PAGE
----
Working in a small group to design a blended training I felt very annoyed. I had the feeling we were investing too much energy in defining the goals and was worried that the team was not going in the right direction. Usually I can put my finger on what we need to do, but this time I did not know exactly where it had gone wrong. I decided to use our own “Beau the reflection chatbot“. Beau asked me a number of questions such as: “What did you do in this situation?” “How did it work out?” It gave me a different insight: that I have to think more about the role of goals in a certain process and to communicate more clearly about this. You have to play with the importance of learning objectives and the level of detail, depending on the situation. In an open and social process, for example, you formulate your goal more openly. Make goals / learning objectives also the subject of conversation. Thanks to Beau!
Who the hell is Beau? Beau is the chatbot I developed together with Kirste den Hollander and Steven van Luipen, a prototype. We wanted to see if you could use a chatbot to support reflection. And you certainly can! I am enthusiastic about the possibilities, although I also see the limitations of Beau. Beau is a scripted bot, in which no artificial intelligence is used. However, talking to specialists I learned that sometimes a scripted bot is all you need.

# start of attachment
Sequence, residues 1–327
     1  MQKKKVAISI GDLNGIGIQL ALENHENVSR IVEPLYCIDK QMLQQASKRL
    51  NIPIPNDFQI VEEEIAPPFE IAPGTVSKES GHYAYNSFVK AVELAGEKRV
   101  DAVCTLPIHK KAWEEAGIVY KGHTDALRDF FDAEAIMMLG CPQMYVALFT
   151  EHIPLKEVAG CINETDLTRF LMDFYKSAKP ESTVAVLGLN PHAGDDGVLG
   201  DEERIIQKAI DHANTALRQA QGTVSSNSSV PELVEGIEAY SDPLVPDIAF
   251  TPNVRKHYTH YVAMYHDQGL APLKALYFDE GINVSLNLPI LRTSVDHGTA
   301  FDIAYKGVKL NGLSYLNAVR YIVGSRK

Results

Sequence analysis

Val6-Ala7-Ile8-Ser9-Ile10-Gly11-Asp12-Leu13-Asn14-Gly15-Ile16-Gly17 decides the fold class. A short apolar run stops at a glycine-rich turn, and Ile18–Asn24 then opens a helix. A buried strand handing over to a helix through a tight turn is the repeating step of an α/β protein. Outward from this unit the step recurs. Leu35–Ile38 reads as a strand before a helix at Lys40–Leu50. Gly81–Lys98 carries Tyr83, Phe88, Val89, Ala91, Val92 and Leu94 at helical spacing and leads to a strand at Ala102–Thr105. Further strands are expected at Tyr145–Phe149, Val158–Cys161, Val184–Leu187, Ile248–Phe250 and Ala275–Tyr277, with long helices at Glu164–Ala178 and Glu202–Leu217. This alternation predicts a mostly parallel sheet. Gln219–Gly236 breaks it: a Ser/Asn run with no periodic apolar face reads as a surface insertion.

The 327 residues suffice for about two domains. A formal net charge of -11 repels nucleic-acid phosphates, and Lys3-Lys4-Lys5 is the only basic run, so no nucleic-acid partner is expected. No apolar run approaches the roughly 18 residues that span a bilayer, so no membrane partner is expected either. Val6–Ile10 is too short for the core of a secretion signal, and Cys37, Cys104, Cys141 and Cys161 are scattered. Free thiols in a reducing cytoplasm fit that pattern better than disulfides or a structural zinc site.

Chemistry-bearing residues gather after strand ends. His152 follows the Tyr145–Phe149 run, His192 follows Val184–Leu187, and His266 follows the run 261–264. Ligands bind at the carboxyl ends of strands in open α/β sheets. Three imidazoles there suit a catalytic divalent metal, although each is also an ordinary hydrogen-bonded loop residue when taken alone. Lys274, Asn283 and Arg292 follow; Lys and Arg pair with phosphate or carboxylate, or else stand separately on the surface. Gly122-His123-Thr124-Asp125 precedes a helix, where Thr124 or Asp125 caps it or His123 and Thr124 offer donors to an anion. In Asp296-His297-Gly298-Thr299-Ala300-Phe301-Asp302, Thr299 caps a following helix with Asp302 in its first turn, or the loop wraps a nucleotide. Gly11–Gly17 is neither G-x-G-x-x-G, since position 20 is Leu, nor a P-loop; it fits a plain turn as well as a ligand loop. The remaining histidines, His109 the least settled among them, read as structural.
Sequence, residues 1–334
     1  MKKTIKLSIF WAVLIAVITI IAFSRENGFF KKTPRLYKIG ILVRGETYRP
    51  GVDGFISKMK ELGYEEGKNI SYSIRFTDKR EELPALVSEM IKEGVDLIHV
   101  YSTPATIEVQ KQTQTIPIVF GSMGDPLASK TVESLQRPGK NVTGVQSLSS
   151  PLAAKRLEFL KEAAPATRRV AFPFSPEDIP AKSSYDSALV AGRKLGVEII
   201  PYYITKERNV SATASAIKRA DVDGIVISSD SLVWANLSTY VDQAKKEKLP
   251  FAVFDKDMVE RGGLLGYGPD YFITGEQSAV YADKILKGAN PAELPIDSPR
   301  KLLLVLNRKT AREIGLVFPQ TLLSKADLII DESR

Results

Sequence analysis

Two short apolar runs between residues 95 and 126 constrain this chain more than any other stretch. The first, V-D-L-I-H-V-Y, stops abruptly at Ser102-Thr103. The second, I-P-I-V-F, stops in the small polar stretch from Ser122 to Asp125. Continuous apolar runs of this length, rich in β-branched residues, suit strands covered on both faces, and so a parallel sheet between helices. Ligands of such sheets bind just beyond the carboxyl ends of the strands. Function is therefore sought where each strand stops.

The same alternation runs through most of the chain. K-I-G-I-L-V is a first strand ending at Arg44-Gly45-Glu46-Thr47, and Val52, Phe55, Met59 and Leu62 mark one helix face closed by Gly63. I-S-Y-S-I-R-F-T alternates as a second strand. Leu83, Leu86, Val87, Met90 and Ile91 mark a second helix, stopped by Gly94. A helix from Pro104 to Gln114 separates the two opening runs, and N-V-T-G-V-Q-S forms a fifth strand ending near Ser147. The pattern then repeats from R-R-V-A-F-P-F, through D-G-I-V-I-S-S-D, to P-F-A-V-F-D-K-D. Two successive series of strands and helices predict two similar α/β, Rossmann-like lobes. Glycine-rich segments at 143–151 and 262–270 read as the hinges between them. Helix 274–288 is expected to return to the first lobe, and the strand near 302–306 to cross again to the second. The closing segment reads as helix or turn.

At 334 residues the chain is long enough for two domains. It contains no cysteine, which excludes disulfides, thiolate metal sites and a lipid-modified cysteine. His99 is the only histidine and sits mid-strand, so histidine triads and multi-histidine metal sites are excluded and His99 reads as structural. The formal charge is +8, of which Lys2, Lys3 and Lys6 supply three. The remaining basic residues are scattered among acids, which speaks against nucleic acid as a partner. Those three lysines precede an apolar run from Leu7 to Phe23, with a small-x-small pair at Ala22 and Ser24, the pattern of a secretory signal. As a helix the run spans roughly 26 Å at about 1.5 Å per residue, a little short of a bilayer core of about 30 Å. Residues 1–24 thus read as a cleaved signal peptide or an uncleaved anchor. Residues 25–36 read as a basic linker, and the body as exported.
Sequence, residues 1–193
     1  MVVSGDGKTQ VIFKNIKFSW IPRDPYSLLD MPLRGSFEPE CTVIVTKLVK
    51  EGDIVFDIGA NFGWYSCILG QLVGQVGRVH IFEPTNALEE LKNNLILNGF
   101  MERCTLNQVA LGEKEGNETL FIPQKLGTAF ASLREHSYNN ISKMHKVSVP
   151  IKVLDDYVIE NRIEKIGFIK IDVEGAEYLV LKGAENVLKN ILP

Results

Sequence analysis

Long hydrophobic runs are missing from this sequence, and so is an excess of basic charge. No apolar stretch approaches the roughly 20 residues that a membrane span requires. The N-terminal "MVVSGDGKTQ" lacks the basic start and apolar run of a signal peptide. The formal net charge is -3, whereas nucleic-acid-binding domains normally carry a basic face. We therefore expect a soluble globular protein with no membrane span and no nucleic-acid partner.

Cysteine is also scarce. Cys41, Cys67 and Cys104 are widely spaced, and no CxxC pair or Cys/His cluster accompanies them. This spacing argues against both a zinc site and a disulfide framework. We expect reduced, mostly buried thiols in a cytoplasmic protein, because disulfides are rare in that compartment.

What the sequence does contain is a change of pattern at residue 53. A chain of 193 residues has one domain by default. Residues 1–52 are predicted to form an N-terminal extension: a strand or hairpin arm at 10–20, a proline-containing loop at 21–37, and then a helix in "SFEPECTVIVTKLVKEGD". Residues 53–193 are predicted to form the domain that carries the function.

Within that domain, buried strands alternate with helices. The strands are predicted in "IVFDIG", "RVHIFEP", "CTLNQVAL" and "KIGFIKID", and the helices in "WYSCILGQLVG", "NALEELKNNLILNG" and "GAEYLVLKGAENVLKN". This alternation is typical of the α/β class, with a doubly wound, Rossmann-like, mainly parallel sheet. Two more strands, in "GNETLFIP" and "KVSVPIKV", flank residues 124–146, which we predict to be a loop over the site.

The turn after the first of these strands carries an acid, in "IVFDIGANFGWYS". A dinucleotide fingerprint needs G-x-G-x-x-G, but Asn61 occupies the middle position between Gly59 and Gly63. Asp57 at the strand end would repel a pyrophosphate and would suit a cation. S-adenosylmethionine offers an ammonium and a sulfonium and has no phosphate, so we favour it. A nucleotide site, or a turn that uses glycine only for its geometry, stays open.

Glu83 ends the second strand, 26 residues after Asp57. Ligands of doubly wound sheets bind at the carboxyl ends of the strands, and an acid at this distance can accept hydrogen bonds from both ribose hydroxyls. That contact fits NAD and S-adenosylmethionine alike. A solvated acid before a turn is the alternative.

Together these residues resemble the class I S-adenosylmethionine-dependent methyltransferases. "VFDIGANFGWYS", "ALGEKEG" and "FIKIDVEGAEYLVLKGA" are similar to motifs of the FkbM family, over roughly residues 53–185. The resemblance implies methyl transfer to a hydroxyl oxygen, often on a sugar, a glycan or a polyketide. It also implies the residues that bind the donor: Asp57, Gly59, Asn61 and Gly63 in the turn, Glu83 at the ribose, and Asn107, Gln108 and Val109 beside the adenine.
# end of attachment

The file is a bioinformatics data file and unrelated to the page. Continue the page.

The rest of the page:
Beau was tested by 51 people and these are the results Our conclusions:
Most people are positive about the use of Beau, the tone and the language used in the conversation. But more importantly, half of them have gained a new insight through the conversation.
Talking to a text chatbot instead of a person, and typing instead of talking often helps the reflection process. It gives people time to think and enables them to determine the rhythm of the conversation themselves.
In the live confession the reflection of a confessor is central and the confessional taker only asks questions. That role can perfectly be played chatbot.
We see different possibilities to use a chatbot for reflection. You can encourage people to do this on a regular basis or you can meet as a team to use a reflection bot and exchange them at regular intervals. It is important, though to take into account that a (small) group of people has a lot of resistance to reflecting with a chatbot.
Do you want to read our article about Beau?
Curious about the chatbot design process? I have learned and read a lot about the design process, including experiences and got training with IBM Watson. Do you want to learn about bots yourself and maybe even do a first exploration of possible bots? Have a look at this workshop I may facilitate for your organization.